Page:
Mayor's WINS Address
DiMaggio joined the Yankees in May 1936 and very quickly he became, as one writer put it, "the class of the Yankees in times when the Yankees outclassed everybody else." He had a strong and accurate throwing arm and one of the greatest swings in baseball -- capable of both immense power and real control. DiMaggio had 361 career homeruns and just 369 career strikeouts -- that's an incredible feat.
Over his thirteen-year career, DiMaggio was a three-time MVP and eleven-time all-star. He led the Yankees to ten World Series appearances -- where they won nine of them. And of course, no one will ever forget his 56 game hitting streak in 1941 -- which will probably stand for generations as one of the most remarkable and untouchable records in baseball.
But as many people have said, DiMaggio was even better than all those records and statistics can convey. You had to see him play to believe it. He was a skilled and graceful player, but not a flashy one. He was cool and collected on the field, sticking to the fundamentals and showing everyone how exquisitely the game of baseball could be played. Despite repeated injuries and his missing three years at the prime of his career to serve in the Army Air Forces in World War II, DiMaggio never let up. He always gave his all to his team, his fans, and the game.
Whether he was playing the game or volunteering his time and money to the DiMaggio Children's Hospital after retiring from baseball, Joe DiMaggio had his priorities straight. He knew how blessed he was to be able to play the game of baseball for a living -- and to be able to play it, thanks to his talent and his hard work, better than anyone else alive. In the end, it was DiMaggio's integrity that made him so special. The City could be proud of him without reservation or hesitation. And children and adults could aspire to emulate his character. New York City will never forget the Yankee Clipper.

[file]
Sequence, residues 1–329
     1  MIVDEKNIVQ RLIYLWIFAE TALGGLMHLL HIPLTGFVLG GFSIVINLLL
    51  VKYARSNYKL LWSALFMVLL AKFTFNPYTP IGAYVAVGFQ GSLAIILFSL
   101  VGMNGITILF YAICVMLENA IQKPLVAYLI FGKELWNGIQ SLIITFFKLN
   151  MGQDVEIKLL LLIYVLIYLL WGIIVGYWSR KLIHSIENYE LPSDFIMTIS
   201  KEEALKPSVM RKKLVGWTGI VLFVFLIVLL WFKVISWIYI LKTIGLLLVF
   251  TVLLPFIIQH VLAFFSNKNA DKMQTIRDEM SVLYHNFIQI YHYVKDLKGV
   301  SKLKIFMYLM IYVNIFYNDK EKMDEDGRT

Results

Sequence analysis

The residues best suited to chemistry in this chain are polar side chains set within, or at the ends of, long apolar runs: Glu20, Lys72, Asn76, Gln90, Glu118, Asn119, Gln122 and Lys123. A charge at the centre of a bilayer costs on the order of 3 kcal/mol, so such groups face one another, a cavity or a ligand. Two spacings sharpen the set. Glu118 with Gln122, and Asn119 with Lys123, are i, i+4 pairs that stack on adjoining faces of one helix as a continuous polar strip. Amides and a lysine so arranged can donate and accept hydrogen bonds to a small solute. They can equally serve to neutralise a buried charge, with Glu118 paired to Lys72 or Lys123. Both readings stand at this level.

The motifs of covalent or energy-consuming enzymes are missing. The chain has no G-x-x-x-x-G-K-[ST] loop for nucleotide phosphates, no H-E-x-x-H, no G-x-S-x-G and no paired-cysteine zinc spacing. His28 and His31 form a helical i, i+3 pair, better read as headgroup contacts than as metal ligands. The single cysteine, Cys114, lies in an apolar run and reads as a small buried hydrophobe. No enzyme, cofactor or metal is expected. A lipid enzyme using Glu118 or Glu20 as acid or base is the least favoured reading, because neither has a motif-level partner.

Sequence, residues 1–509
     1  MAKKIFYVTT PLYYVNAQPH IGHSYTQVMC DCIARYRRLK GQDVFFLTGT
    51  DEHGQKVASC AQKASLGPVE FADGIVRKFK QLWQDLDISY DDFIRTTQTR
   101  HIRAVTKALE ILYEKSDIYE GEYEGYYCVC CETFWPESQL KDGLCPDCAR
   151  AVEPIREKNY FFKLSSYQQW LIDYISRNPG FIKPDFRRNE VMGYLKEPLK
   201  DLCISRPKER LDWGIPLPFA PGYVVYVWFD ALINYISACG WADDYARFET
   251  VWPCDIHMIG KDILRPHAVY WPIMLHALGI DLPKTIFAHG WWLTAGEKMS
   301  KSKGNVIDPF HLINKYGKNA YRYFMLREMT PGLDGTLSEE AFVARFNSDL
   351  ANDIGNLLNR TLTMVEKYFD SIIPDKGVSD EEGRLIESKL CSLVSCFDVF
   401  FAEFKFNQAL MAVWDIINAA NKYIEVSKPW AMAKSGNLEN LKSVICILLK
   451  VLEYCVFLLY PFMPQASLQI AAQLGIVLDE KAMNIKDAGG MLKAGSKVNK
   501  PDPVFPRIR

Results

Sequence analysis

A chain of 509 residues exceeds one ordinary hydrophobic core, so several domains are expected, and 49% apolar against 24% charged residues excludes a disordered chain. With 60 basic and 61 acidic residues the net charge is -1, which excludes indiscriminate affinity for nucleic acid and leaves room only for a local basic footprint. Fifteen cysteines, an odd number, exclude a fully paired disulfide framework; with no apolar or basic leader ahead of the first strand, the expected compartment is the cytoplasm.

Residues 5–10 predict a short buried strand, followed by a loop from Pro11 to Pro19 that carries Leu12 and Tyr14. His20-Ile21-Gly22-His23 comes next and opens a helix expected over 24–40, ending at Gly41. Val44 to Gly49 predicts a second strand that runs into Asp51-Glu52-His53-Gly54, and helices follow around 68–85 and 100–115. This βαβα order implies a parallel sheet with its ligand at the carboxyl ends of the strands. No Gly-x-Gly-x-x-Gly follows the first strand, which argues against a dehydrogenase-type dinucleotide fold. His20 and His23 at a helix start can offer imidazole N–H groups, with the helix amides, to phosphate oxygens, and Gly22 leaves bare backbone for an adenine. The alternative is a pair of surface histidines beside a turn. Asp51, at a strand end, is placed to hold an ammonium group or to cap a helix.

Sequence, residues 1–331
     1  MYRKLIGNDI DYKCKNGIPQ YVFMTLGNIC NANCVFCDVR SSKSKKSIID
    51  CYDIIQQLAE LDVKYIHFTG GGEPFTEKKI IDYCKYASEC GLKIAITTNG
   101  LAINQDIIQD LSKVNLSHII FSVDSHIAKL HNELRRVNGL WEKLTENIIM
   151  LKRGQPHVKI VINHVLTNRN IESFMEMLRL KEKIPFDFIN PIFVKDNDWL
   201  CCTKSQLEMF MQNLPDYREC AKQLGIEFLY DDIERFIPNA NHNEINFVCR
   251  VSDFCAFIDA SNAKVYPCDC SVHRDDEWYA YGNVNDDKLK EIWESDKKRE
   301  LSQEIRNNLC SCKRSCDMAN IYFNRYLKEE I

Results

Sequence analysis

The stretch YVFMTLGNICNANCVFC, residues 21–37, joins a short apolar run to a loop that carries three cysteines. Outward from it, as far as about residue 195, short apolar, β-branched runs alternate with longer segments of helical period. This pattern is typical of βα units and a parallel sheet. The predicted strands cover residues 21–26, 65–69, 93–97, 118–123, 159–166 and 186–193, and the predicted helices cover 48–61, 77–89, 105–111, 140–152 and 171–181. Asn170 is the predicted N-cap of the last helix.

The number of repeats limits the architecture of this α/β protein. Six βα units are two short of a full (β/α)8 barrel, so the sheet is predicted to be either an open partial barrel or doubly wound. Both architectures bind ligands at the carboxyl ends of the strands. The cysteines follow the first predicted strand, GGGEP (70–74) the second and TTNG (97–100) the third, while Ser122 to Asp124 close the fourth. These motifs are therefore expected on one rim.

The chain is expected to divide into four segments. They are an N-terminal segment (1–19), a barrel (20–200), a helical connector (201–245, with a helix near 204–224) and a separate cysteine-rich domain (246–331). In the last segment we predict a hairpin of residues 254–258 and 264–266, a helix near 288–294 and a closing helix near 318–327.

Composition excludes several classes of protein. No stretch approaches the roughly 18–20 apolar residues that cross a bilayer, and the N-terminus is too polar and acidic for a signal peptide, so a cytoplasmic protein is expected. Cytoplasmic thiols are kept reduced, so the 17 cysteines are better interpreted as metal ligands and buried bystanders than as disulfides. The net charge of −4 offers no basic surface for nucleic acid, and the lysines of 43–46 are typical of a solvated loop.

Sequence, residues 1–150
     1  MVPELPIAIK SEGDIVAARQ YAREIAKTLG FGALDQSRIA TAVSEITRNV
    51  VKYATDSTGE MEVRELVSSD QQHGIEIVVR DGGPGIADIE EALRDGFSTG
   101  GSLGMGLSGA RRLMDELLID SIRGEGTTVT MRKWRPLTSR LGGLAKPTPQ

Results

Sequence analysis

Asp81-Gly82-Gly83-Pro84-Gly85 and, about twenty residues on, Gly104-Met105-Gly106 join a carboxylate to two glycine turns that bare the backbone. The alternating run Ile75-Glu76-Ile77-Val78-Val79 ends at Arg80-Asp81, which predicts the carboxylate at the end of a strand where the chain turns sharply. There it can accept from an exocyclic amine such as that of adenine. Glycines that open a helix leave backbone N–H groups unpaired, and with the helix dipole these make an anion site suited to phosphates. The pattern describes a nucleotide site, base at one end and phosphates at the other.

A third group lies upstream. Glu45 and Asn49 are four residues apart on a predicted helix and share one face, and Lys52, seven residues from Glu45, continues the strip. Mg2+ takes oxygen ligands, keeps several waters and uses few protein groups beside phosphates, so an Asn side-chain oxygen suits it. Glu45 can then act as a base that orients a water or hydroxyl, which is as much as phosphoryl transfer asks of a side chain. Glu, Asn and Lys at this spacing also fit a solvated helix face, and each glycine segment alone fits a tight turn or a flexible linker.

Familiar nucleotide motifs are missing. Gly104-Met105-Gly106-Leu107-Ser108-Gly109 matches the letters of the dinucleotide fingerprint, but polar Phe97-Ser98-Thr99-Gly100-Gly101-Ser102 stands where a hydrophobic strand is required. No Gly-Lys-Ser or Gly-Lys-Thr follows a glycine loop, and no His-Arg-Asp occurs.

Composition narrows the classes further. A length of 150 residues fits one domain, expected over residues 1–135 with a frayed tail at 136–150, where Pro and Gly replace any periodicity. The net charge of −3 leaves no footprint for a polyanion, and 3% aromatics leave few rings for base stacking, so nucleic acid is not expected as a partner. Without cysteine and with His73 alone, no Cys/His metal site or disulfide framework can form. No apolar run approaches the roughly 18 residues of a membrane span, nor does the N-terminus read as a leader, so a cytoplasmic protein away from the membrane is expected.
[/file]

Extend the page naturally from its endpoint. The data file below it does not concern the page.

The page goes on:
Finally, this week we found out that another Yankee legend, manager Joe Torre, will be taking a leave of absence from the team while he is treated for prostate cancer. The news came at a time when we were all excited to see Darryl Strawberry back with the team following part of his battle with colon cancer. Joe Torre's cancer was found in a routine screening given all members of the Yankee team in response to Darryl's illness -- and that's important to realize, because early identification, as seems to have happened in this case, is key to being able to successfully treat prostate cancer. Men over the age of 50 should have an exam every year. If you want more information on prostate cancer, you can call the American Cancer Society at 1-800-ACS-2345.
In addition to being the best manager in baseball, Joe Torre is a wonderful person. I know New Yorkers across the City are thinking of him and his family and praying for his swift recovery, along with the recovery of Darryl Strawberry. From Gracie Mansion, this is Mayor Rudy Giuliani.